A site inspection may take some extra time, but it’s an absolute must if you want to get a good understanding of the flow of your event, the way people will experience the location, the service of the local staff, etc. Here’s some advice from An Lambrechts, our Chief Global Strategist.
1. Prepare your visit
Site inspections are often limited in time, so a good preparation is everything. Decide what you want to visit and with whom. Also, make a list of priorities: what are the requirements for the attendees, the speakers, the VIP guest, etc. Is the meeting room soundproof, is there enough (or too much) daylight, what about the catering facilities, the accessibility, the hotel rooms? Print your list, read it through on the plane and mark the places you want to visit on a city map. Make sure you have all the contact details you need and confirm each visit about half an hour in advance. Don’t forget to take photos of each location either; it helps you not to get places mixed up afterwards.
2. Planned or unannounced
Some meeting planners maintain a strong belief in unannounced site inspections, because it gives them a realistic impression of the location. We prefer to plan our visits because of one major advantage: it saves us a great deal of time. So arrange a meeting with your local contact, tell him or her what you want to see and which aspects are important to you.
3. What do you need to see
Plan your inspection with the Sales Manager and the Event Planner.
Don’t forget to inspect
- The guest rooms: visit as many room types as you possibly can, also the rooms that weren’t renovated, that are located close to the elevator, and the ones without a panoramic view. Tip: take a picture of the floor plan near the emergency exit to get a good idea of the hotel’s layout. Stay at least one night at the hotel to experience the service and comfort of the rooms.
- Meeting rooms and lobby: check the hotel access and see if guests can easily find the wau to the meeting rooms. Check the infrastructure and make an agreement with the hotel management if you want to use your own branding.
- The furniture: check the furniture that is available for meetings, dinner, etc.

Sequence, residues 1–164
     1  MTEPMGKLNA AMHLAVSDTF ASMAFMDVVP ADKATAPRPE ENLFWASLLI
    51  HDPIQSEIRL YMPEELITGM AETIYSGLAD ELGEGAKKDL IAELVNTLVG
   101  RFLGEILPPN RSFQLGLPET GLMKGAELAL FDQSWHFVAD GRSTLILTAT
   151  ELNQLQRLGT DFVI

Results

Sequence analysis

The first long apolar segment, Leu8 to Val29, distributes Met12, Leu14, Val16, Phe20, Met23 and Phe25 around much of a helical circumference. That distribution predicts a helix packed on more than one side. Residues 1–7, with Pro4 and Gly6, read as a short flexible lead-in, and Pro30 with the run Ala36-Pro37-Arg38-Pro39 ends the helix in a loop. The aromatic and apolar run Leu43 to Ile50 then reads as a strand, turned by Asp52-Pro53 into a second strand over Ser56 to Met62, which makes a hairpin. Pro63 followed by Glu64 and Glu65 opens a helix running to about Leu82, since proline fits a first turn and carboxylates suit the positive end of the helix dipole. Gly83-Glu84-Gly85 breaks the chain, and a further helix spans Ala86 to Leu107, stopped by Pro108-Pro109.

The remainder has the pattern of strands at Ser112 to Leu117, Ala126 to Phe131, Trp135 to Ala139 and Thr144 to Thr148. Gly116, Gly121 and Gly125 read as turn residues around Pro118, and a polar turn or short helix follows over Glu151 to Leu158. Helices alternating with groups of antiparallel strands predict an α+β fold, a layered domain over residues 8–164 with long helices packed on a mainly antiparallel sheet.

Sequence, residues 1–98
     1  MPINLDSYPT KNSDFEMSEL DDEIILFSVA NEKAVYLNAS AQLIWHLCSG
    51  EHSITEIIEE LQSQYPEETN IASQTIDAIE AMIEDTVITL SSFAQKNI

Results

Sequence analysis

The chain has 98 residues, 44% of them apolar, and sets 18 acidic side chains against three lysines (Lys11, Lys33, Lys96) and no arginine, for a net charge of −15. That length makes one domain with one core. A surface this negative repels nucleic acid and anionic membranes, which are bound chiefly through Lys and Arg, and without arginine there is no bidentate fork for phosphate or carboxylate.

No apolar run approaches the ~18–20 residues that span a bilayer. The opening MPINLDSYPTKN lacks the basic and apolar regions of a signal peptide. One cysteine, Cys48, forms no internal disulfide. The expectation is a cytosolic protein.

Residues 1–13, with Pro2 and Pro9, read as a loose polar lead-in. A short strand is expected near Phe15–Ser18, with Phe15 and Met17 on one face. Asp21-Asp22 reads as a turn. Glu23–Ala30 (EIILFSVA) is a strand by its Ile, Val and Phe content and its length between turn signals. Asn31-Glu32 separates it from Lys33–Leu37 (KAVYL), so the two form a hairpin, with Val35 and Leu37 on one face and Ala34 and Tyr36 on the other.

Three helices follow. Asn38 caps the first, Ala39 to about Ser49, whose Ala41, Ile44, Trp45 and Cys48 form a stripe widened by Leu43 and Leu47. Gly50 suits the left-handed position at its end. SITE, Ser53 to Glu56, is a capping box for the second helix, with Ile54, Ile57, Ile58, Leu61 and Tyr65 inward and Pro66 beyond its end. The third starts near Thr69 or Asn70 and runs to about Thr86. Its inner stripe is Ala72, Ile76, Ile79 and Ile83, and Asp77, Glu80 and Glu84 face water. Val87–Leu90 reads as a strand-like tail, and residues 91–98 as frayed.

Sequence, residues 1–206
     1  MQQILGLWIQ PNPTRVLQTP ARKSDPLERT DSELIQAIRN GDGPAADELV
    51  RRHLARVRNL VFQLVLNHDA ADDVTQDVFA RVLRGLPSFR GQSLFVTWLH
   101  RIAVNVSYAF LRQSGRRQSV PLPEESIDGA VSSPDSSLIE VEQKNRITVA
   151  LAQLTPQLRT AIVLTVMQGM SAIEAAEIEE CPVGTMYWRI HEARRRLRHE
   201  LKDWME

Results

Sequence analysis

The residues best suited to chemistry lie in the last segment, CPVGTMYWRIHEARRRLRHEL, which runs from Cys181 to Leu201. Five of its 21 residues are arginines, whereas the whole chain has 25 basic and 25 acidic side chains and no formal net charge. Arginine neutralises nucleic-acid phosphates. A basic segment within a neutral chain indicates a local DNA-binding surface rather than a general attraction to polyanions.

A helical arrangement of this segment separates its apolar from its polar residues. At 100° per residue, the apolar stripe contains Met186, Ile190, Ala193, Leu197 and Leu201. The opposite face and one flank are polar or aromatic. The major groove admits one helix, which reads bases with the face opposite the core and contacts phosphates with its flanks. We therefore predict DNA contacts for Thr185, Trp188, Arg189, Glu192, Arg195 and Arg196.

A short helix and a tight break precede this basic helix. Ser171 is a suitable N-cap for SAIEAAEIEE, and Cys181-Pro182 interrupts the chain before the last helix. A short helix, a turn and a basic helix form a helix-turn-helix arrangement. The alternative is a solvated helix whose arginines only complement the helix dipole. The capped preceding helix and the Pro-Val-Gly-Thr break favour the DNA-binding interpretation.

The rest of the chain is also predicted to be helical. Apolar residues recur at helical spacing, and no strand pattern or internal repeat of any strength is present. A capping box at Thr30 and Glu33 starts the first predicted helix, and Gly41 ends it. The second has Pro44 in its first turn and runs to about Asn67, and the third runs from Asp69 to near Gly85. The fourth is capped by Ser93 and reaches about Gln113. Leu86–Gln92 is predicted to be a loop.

- The audiovisual material: ask for the preferred partner’s (and other suppliers’) price list and conditions. Make sure you know how to operate the sound system and the lights and test the wireless connection, the acoustics and the air conditioning system yourself. See if there is a possibility to organise coffee breaks outside.
- Accessibility: try to reach the location by public transport, check if there are any bars and restaurants or a park (for morning runs) nearby and make sure the hotel is not situated too close to a highway.
- Catering: decide which food and wine you want to taste according to your budget and your wishes. Talk to the chef and explain what you want.
4. Talk to the locals
Ask your sales contact or the receptionist for their favourite places, bars, restaurants, etc. It’s a great way to get to know all the cool places and to establish a closer connection with the local people, which might be very useful if you decide to organise your event here.
5. Paying for a site inspection
Pay for your visit and negotiate to deduct the amount from the final bill of your event. Make sure your client understands the importance of a site inspection and is prepared to cover the transport costs, the accommodation and the meals you have at the location.
6. Last but not least…
Reserve some extra time in your agenda to visit your preferred location a second time. Tell your contacts how many locations you will be visiting and always ask for a detailed proposal. Your final decision should be objective, so make sure you check all the boxes on your priorities list.